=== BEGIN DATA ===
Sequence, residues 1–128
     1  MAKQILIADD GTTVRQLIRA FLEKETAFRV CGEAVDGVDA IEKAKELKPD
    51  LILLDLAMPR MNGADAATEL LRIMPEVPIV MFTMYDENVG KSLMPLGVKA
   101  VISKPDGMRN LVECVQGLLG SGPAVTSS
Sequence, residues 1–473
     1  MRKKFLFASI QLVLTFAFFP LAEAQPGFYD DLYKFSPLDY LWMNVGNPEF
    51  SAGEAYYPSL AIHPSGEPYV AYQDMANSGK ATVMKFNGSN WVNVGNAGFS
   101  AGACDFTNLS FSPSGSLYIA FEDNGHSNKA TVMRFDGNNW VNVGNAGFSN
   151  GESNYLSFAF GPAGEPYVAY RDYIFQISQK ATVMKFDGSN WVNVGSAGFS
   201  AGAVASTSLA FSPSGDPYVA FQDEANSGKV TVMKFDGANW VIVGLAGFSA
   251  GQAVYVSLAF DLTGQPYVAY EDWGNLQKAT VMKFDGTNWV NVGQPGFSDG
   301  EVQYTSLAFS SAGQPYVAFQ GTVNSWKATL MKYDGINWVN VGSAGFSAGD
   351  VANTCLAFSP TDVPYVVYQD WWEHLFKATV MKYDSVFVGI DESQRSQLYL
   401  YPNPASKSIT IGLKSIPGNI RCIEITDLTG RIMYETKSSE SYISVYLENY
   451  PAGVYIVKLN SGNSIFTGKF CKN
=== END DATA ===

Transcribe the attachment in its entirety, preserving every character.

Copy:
Sequence, residues 1–128
     1  MAKQILIADD GTTVRQLIRA FLEKETAFRV CGEAVDGVDA IEKAKELKPD
    51  LILLDLAMPR MNGADAATEL LRIMPEVPIV MFTMYDENVG KSLMPLGVKA
   101  VISKPDGMRN LVECVQGLLG SGPAVTSS
Sequence, residues 1–473
     1  MRKKFLFASI QLVLTFAFFP LAEAQPGFYD DLYKFSPLDY LWMNVGNPEF
    51  SAGEAYYPSL AIHPSGEPYV AYQDMANSGK ATVMKFNGSN WVNVGNAGFS
   101  AGACDFTNLS FSPSGSLYIA FEDNGHSNKA TVMRFDGNNW VNVGNAGFSN
   151  GESNYLSFAF GPAGEPYVAY RDYIFQISQK ATVMKFDGSN WVNVGSAGFS
   201  AGAVASTSLA FSPSGDPYVA FQDEANSGKV TVMKFDGANW VIVGLAGFSA
   251  GQAVYVSLAF DLTGQPYVAY EDWGNLQKAT VMKFDGTNWV NVGQPGFSDG
   301  EVQYTSLAFS SAGQPYVAFQ GTVNSWKATL MKYDGINWVN VGSAGFSAGD
   351  VANTCLAFSP TDVPYVVYQD WWEHLFKATV MKYDSVFVGI DESQRSQLYL
   401  YPNPASKSIT IGLKSIPGNI RCIEITDLTG RIMYETKSSE SYISVYLENY
   451  PAGVYIVKLN SGNSIFTGKF CKN